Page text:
Location efficient mortgages (LEM) programs are an increasingly popular approach to combating urban sprawl. LEMs allow families who want to live in densely-populated, transit-rich communities to obtain larger mortgages with smaller downpayments than traditional underwriting guidelines allow.
LEMs are premised on the proposition that homeowners in such "location efficient" areas can safely be allowed to breach underwriting guidelines designed to prevent mortgage default because they have lower than average automobile-related transportation expenses and more income available for mortgage payments. This paper employs records of over 8,000 FHA-insured mortgages matched with data on various measures of location efficiency to test this proposition. Our results suggest that it does not hold and that LEMs—like other low-downpayment mortgage programs—will raise mortgage default rates.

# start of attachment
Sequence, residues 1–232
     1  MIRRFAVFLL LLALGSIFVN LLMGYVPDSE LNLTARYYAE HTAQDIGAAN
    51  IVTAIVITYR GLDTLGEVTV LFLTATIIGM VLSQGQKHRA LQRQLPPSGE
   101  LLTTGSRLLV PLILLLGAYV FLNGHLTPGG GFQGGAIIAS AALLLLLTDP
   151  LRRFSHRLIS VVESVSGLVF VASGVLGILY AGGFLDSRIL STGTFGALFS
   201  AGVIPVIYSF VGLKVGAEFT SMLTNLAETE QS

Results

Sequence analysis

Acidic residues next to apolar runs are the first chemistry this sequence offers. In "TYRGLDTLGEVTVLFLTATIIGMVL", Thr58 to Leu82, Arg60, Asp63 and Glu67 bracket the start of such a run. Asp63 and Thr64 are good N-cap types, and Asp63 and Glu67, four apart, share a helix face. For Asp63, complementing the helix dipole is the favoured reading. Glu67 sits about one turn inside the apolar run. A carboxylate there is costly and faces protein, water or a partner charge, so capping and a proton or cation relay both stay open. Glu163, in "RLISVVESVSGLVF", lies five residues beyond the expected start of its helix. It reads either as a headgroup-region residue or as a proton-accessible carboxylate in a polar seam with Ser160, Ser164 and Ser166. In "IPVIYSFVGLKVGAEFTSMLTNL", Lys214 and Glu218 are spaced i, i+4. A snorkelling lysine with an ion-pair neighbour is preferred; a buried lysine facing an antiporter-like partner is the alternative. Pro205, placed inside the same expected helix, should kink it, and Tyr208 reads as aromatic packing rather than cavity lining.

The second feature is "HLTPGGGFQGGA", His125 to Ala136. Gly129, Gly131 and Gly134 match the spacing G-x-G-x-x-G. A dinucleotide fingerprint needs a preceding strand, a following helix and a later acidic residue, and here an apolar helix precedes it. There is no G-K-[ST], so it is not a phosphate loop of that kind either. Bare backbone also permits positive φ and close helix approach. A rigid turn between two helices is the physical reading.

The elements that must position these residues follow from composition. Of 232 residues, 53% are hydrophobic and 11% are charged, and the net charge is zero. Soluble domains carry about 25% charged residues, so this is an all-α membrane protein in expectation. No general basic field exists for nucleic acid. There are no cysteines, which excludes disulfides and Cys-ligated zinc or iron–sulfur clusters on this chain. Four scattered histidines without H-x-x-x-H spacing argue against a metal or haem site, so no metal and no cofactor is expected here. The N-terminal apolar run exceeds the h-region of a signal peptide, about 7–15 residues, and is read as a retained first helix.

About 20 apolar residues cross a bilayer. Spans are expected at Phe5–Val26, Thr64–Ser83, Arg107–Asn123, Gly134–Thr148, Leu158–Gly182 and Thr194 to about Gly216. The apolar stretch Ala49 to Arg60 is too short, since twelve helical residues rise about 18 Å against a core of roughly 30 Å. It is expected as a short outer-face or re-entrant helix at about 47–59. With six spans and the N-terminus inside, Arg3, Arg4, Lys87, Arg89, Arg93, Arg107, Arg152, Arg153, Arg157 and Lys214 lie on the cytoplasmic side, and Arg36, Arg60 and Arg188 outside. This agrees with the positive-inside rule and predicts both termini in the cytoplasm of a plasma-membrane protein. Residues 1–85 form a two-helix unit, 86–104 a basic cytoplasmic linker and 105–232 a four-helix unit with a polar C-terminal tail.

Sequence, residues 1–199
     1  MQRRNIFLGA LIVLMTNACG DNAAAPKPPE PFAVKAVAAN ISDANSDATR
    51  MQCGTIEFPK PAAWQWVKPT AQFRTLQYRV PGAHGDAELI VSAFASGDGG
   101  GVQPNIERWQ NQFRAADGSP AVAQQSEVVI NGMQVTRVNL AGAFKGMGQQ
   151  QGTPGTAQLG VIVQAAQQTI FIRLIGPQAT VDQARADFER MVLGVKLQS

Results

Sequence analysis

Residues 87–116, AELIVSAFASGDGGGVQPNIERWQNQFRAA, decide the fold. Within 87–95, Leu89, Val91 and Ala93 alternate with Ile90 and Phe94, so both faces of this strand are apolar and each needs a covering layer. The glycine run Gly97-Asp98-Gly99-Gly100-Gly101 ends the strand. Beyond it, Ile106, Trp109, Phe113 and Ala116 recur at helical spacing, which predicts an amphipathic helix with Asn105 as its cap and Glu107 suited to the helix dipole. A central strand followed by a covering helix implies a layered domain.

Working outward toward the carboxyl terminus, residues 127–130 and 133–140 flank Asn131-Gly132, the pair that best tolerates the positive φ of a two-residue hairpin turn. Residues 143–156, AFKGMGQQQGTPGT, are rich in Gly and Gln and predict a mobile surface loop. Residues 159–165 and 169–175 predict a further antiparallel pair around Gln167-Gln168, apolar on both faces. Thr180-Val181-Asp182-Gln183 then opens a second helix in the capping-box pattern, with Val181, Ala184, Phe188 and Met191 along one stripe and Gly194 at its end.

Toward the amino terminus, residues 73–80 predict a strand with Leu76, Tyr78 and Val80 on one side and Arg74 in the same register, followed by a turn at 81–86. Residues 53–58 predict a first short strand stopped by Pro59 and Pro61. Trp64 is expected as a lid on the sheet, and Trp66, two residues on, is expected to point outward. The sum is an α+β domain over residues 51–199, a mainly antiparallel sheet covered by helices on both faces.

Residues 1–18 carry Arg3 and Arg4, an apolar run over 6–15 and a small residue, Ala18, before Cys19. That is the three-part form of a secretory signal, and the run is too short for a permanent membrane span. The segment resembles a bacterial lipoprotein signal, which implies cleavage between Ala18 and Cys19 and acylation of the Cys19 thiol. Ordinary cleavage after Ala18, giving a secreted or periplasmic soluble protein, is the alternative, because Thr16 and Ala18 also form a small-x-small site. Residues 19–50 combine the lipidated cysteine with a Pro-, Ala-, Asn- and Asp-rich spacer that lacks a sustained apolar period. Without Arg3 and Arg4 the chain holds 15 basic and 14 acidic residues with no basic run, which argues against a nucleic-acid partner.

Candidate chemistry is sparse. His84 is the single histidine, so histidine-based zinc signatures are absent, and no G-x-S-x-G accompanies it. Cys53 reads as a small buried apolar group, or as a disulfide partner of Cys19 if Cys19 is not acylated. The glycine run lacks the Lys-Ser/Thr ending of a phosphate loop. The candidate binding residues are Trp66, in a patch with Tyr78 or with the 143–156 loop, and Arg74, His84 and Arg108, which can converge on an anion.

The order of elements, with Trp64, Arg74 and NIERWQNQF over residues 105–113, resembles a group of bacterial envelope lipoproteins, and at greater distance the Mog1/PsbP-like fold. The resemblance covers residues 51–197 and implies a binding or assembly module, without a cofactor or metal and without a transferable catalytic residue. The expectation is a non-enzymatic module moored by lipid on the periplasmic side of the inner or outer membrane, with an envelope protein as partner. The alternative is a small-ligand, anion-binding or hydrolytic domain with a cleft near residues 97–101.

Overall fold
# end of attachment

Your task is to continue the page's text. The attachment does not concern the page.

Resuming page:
This cost must be weighed against any potential anti-sprawl benefits LEMs may have.